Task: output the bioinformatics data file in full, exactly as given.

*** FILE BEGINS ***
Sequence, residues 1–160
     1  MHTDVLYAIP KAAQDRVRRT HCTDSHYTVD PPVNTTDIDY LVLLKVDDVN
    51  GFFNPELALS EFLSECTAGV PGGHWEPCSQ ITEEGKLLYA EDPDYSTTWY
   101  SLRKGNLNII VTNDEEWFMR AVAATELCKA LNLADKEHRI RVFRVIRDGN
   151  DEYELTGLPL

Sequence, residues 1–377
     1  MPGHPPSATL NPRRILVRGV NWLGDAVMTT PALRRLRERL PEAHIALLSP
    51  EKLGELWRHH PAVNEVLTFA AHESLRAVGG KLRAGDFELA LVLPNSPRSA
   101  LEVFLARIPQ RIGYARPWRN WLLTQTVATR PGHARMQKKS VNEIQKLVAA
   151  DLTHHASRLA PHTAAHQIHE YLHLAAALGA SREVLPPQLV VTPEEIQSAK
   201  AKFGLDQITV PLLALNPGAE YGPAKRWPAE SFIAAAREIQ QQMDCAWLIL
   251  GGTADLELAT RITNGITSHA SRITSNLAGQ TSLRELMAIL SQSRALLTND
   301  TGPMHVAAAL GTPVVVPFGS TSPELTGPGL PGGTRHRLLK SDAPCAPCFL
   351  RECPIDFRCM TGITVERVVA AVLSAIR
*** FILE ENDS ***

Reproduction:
Sequence, residues 1–160
     1  MHTDVLYAIP KAAQDRVRRT HCTDSHYTVD PPVNTTDIDY LVLLKVDDVN
    51  GFFNPELALS EFLSECTAGV PGGHWEPCSQ ITEEGKLLYA EDPDYSTTWY
   101  SLRKGNLNII VTNDEEWFMR AVAATELCKA LNLADKEHRI RVFRVIRDGN
   151  DEYELTGLPL

Sequence, residues 1–377
     1  MPGHPPSATL NPRRILVRGV NWLGDAVMTT PALRRLRERL PEAHIALLSP
    51  EKLGELWRHH PAVNEVLTFA AHESLRAVGG KLRAGDFELA LVLPNSPRSA
   101  LEVFLARIPQ RIGYARPWRN WLLTQTVATR PGHARMQKKS VNEIQKLVAA
   151  DLTHHASRLA PHTAAHQIHE YLHLAAALGA SREVLPPQLV VTPEEIQSAK
   201  AKFGLDQITV PLLALNPGAE YGPAKRWPAE SFIAAAREIQ QQMDCAWLIL
   251  GGTADLELAT RITNGITSHA SRITSNLAGQ TSLRELMAIL SQSRALLTND
   301  TGPMHVAAAL GTPVVVPFGS TSPELTGPGL PGGTRHRLLK SDAPCAPCFL
   351  RECPIDFRCM TGITVERVVA AVLSAIR